The same methodology used to lasso complex business issues can be used to wrangle your own life. The power of story is the ability to articulate in organized thought the issues at hand as well as surrounding context. If we can apply our best thinking and identify coherent solutions to external issues by placing ourselves in the protagonist’s shoes, what happens when the protagonist is you? 

When I face tough projects, I like to write myself out of the problem. I begin with a safe and familiar opening, just to get my brain going: 

“The protagonist Mikal Lewis finds himself in a familiar situation…” 

Next, I begin in free form to articulate the issues at hand: 

“Management has approved his request, sanctioning his project, and with it come the expectations of success”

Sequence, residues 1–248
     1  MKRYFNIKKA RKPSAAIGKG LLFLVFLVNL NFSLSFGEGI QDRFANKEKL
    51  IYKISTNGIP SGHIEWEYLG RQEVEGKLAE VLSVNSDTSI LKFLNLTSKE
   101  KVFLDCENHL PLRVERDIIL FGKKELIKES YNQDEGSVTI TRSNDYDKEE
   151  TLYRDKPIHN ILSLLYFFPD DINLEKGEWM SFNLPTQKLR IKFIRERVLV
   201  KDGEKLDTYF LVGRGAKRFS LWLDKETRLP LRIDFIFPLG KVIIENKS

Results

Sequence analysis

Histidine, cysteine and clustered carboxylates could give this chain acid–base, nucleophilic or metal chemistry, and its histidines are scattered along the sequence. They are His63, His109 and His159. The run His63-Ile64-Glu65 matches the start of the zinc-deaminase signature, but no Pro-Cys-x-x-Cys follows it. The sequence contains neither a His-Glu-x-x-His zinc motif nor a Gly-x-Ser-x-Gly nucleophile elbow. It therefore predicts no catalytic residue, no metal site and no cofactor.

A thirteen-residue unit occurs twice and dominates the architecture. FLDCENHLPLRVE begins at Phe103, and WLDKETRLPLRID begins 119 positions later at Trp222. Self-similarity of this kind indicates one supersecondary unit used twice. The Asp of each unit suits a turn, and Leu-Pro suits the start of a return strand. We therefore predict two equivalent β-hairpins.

I then develop the surrounding context: 

“The problem is with three weeks before the conference, Mikal has to find a way to reach shared understanding of the issue at hand, and recruit project team members, without setting off a political hailstorm” 

Two quick notes, this is not based on a real situation and Mikal does not I do not typically refer to myself in the third person; but you get the point. Write out the background context, be sure to document the facts, it’s best to keep how you ‘feel’ off of the page, it clouds the action driven narrative. Pay close attention to background context and intertwined conflicts that exist but are convenient to overlook. When writing be very candid about your strengths and weaknesses.